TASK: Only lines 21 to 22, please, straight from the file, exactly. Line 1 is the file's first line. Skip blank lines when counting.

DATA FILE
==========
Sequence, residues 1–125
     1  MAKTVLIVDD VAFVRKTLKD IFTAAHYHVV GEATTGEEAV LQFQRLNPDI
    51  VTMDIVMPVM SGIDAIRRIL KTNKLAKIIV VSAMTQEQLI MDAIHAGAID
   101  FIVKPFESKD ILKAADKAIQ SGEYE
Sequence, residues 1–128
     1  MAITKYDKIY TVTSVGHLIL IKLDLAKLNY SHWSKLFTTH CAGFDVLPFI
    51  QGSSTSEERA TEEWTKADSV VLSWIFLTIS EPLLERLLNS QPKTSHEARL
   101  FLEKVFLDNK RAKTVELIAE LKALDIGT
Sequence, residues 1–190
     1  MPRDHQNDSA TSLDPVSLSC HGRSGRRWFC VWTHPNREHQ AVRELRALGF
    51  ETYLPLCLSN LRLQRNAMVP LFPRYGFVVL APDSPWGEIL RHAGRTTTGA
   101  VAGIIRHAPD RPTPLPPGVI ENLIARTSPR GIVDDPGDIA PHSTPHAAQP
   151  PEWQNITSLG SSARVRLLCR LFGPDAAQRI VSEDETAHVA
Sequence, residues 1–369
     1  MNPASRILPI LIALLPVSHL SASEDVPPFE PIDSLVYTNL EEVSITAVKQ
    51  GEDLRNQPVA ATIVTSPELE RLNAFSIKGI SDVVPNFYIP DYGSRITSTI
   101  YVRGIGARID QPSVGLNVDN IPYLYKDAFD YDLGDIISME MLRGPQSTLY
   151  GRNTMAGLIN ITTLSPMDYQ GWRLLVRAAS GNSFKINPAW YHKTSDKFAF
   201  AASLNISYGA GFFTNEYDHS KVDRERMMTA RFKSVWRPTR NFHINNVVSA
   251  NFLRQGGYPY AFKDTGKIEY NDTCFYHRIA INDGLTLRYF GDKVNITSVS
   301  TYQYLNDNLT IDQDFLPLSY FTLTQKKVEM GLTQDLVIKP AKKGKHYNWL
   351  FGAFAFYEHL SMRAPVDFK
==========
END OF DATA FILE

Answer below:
   301  TYQYLNDNLT IDQDFLPLSY FTLTQKKVEM GLTQDLVIKP AKKGKHYNWL
   351  FGAFAFYEHL SMRAPVDFK